Baron von Rothschild, the legendary French financier, once stated that the ideal portfolio should consist of one-third securities, one-third art, and one-third real estate. The current international real estate market would appear to belie his advice however.Emerging market investors and other legendary financiers with real estate holdings have suffered pain, there is no doubt. The housing markets in Spain, Ireland and many other countries are years, if not decades away from recovery. This is true for international real estate around the globe.
This is the primary reason for the collapse of the banking systems in these countries. But international real estate should have a place in every portfolio. As with so much other investing advice, Baron von Rothschild is right here too. For emerging market investors, the exchange traded fund for timber and related products, Guggenheim Timber (NYSEARCA:CUT), sprinkles a flavoring of international real estate with other protection.
Historically, timber land has outpaced inflation. Guggenheim Timber has large positions in timber real estate investment trusts. It also has holdings in companies that produce and distribute associated items such as paper and packaging, amongst others. This also results in exposure to the international real estate market in emerging market nations, and around the globe.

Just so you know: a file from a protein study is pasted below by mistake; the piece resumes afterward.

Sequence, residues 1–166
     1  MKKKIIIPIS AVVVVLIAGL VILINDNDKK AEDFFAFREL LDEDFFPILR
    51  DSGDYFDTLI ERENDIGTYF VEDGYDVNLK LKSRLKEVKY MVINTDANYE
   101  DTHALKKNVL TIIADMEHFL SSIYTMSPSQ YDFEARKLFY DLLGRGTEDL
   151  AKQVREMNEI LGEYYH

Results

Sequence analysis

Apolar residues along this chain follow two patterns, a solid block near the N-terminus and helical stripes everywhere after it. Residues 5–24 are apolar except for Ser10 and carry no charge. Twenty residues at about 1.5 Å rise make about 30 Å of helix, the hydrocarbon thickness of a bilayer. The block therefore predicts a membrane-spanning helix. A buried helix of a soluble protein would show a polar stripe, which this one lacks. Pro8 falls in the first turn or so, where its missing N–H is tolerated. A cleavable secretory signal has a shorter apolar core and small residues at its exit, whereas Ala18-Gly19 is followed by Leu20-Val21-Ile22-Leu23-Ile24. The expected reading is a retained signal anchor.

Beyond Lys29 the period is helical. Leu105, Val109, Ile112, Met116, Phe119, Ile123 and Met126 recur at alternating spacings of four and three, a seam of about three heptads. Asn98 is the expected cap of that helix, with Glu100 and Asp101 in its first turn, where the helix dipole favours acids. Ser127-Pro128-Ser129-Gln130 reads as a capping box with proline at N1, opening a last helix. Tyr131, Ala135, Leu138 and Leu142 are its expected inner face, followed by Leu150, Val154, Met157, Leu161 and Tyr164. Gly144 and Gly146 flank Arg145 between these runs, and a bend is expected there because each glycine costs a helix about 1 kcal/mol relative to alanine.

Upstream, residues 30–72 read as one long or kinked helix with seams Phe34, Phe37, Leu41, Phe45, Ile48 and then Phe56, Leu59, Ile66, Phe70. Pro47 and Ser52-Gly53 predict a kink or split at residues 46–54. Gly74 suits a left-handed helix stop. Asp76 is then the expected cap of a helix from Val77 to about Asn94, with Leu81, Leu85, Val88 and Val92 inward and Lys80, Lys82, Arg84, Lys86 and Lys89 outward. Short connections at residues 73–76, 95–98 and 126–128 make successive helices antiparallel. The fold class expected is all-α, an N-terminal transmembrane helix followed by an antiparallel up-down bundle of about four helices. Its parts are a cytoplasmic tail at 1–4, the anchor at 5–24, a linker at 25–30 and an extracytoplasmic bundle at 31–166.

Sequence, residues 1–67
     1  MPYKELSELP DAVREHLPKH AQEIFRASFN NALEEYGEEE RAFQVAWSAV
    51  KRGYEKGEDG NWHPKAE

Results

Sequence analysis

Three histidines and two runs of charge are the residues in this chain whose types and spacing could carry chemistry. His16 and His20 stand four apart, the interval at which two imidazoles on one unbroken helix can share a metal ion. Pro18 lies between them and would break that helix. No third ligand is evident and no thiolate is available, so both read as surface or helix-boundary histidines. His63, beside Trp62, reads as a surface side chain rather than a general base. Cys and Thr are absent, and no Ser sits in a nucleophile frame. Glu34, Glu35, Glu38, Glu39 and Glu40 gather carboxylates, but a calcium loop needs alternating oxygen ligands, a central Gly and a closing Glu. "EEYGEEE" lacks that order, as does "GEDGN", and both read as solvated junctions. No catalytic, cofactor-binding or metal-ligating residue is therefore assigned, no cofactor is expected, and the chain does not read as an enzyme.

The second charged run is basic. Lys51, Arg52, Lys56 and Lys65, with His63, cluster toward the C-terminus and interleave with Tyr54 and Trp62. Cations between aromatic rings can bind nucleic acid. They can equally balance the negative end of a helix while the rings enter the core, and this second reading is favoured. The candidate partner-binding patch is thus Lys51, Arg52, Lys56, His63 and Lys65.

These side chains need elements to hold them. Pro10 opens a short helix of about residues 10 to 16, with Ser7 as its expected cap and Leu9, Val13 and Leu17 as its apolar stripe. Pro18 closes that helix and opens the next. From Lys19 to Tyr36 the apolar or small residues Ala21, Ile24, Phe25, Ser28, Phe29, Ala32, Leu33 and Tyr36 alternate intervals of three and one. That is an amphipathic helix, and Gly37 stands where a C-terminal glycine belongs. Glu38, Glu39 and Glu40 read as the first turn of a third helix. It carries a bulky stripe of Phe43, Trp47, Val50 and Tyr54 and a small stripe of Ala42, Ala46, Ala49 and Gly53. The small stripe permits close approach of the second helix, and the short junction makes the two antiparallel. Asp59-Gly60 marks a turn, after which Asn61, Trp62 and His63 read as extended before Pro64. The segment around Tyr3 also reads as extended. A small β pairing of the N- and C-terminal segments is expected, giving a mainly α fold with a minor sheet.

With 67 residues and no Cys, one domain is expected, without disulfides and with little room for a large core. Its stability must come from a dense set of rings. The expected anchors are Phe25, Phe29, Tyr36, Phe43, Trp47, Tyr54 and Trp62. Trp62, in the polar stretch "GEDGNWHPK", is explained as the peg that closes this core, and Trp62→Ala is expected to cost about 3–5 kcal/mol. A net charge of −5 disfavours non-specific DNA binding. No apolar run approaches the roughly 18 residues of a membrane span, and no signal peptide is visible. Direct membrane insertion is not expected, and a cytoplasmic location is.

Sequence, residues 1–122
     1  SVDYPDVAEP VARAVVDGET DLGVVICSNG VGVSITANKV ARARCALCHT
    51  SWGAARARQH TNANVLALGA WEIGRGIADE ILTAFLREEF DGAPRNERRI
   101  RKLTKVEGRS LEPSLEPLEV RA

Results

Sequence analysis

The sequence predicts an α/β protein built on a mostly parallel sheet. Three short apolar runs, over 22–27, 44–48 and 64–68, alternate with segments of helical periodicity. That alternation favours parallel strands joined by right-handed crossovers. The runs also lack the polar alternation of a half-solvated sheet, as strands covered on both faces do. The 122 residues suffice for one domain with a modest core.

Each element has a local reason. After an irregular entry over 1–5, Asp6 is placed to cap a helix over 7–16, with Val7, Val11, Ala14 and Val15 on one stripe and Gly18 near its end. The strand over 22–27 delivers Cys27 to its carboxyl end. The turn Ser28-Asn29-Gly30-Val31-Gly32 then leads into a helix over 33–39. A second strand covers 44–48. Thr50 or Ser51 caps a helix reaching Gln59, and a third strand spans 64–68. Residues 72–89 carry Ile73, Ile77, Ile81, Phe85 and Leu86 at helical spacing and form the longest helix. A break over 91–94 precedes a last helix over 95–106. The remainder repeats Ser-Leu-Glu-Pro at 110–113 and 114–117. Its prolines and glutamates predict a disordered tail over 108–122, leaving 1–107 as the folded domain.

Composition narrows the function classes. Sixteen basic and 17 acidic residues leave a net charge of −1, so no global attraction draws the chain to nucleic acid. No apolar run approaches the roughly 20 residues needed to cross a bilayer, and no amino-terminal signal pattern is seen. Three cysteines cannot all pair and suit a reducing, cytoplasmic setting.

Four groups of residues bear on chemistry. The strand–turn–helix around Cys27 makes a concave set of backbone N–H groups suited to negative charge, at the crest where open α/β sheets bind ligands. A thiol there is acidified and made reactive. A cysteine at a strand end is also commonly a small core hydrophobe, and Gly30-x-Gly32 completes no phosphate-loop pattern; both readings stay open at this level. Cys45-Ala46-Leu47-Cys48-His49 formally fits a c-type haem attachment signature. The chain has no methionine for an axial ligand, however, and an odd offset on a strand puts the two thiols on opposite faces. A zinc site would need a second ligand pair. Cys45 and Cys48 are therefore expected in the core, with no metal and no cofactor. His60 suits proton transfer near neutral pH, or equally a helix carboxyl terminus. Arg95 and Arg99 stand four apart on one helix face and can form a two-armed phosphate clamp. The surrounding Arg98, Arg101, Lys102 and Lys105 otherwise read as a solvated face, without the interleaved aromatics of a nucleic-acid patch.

When real estate rises, timber land is strong for a variety of factors. Overall, the whole international real estate sector will rise, including uncut timber land. Specifically, when more homes are being built, there is a greater demand for lumber for houses. From the floors to the roof, wood is needed in the building of houses and commercial buildings for both decorative and construction purposes. International real estate will recover and when it does, timber land will rise again.
This no doubt lured uber investor John Paulson into his ill-fated investment in Sino Forest. His example illustrates one of the main benefits of an exchange traded fund for individual investors: there is a broad diversity of investments and superior research resources, in addition to lower costs. This is particularly valuable for investing in international real estate.
At the nadir of the Great Recession in early 2009, Guggenheim Lumber was trading under $7.50 a share. It is now around $16. It has been the same story of recovery for the home builder ETF, SPDR S&P Homebuilders (NYSEARCA:XHB). The rebound has slowed in recent trading however, for both CUT and XHB.
Year to date, the Guggehiem Lumber ETF is down 2.90%. It has increased in the short term and is up 1.45% for the last week of market action.